Bookworm1858's Reviews > The Remarkable Life and Times of Eliza Rose

The Remarkable Life and Times of Eliza Rose by Mary Hooper
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2807605
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Apr 18, 2011

really liked it
bookshelves: read-2011, book-battle, historical-fiction, ya-read
Read from April 17 to 18, 2011

The Remarkable Life and Times of Eliza Rose by Mary Hooper
Bloomsbury, 2006
334 pages
YA; Historical
4/5 stars

Source: Library

Read for Overlooked YA Book Battle.

I wasn't entirely sure about this book because it's set in Restoration England and features a closer look at one of Charles II's many mistresses, Nell Gwyn. She befriends Eliza Rose, who undergoes a remarkable journey. Eliza's stepmother kicked her out, so she traveled to London to find her father who was looking for work there. She lands in jail but is bailed out by Nell Gwyn's mother. After narrowly avoiding having her virginity sold to a wealthy man, she becomes the maid to Nell as she begins her affair with the king. Eliza learns more about the world and her family background.

I thought the most striking feature of this novel was the comparison of three paths followed by vulnerable young women in seventeenth century England. Nell is a poor actress who confidently manipulates men with her sexuality, steadily rising in the world as a mistress to powerful and wealthy men until she secures a place with Charles II and conceives a child by him. Their friend Jemima was wealthy but she fell for the charms of a scoundrel who only wanted her wealth; her fake marriage and their very real baby lead to her fall from grace. Eliza walks a sort of middle ground, avoiding the advances of men and attempting to live respectably. However all three girls achieve relatively happy endings.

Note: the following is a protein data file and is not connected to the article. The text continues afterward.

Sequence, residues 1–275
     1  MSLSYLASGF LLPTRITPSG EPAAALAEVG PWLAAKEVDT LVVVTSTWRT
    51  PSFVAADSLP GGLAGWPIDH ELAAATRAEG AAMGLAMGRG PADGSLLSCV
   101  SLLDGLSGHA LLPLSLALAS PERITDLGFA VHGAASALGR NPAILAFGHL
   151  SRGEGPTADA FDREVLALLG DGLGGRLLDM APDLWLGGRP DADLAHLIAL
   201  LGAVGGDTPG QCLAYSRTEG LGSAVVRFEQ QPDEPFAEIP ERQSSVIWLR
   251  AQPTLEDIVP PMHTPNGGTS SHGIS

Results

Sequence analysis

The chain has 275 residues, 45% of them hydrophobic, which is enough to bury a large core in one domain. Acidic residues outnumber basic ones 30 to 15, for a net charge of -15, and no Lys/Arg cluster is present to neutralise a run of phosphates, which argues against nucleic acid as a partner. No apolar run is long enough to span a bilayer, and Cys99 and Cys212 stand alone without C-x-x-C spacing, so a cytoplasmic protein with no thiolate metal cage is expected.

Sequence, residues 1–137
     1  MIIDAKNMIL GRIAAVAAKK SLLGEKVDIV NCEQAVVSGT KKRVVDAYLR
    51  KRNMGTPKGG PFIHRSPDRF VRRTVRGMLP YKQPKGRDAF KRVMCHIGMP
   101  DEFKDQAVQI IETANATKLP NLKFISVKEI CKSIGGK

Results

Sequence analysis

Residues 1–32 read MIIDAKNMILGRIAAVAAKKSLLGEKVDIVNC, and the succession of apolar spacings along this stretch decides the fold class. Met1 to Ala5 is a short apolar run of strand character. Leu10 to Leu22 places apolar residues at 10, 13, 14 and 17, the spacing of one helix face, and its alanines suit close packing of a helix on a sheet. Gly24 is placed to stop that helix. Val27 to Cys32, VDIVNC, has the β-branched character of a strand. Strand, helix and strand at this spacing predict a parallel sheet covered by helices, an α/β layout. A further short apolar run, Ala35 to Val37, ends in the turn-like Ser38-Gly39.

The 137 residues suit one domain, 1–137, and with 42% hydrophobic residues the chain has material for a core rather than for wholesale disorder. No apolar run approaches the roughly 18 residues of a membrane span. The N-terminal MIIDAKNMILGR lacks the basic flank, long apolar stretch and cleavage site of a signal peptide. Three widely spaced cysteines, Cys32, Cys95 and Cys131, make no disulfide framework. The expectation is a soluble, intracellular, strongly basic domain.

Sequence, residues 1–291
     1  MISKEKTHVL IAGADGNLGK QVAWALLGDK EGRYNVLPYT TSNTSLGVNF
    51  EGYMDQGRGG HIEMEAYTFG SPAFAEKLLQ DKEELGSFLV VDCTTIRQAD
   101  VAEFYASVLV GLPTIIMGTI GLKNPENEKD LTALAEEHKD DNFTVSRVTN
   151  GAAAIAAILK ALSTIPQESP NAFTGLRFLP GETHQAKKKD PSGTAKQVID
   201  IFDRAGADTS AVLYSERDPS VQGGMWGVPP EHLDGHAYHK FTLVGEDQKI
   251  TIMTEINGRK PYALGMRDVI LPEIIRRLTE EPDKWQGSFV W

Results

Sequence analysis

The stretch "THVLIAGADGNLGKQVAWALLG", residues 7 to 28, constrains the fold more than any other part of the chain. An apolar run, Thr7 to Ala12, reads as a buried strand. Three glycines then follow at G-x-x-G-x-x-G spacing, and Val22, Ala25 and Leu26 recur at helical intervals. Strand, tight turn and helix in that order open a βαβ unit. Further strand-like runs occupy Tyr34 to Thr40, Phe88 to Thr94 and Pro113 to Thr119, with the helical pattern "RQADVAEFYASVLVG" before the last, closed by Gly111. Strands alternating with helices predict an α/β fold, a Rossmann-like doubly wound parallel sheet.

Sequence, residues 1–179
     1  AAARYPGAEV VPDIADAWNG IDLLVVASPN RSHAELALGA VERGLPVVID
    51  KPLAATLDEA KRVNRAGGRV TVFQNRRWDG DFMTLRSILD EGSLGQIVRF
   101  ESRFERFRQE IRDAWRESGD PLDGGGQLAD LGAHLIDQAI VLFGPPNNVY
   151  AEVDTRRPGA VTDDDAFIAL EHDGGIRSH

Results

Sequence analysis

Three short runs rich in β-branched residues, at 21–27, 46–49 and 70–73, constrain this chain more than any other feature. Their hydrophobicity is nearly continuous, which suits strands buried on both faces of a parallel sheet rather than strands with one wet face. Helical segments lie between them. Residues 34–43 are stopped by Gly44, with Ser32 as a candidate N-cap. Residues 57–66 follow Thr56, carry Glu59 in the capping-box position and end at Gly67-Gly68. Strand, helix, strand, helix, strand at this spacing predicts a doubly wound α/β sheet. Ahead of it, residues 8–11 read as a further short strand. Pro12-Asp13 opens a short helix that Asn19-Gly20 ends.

Eliza's ending, while hinting at respectable marriage, was too pat for me. She finds out early on that the people she thought were her parents were not. Through a series of events, she discovers who her family actually is but I didn't buy it.

I was also disappointed with the historical details. I've read historical novels where I felt immersed in the world, could see the details, could smell the scents. This was not one of the novels. Nothing felt anachronistic; I just didn't disappear into the world as I would have preferred. Part of this might have been a general dislike for this time period. I've always disapproved of Charles II's excesses, especially the behavior encouraged in his illegitimate son and his rowdy crowd, which is highlighted in this novel.

Overall: A fine historical novel, of particular interest to fans of Restoration England or YA historical fiction in general.

Cover: Eliza is a pretty girl with lovely hair but it doesn't really look like a historical fiction novel to me although I feel like the title and font of her name signals another time.
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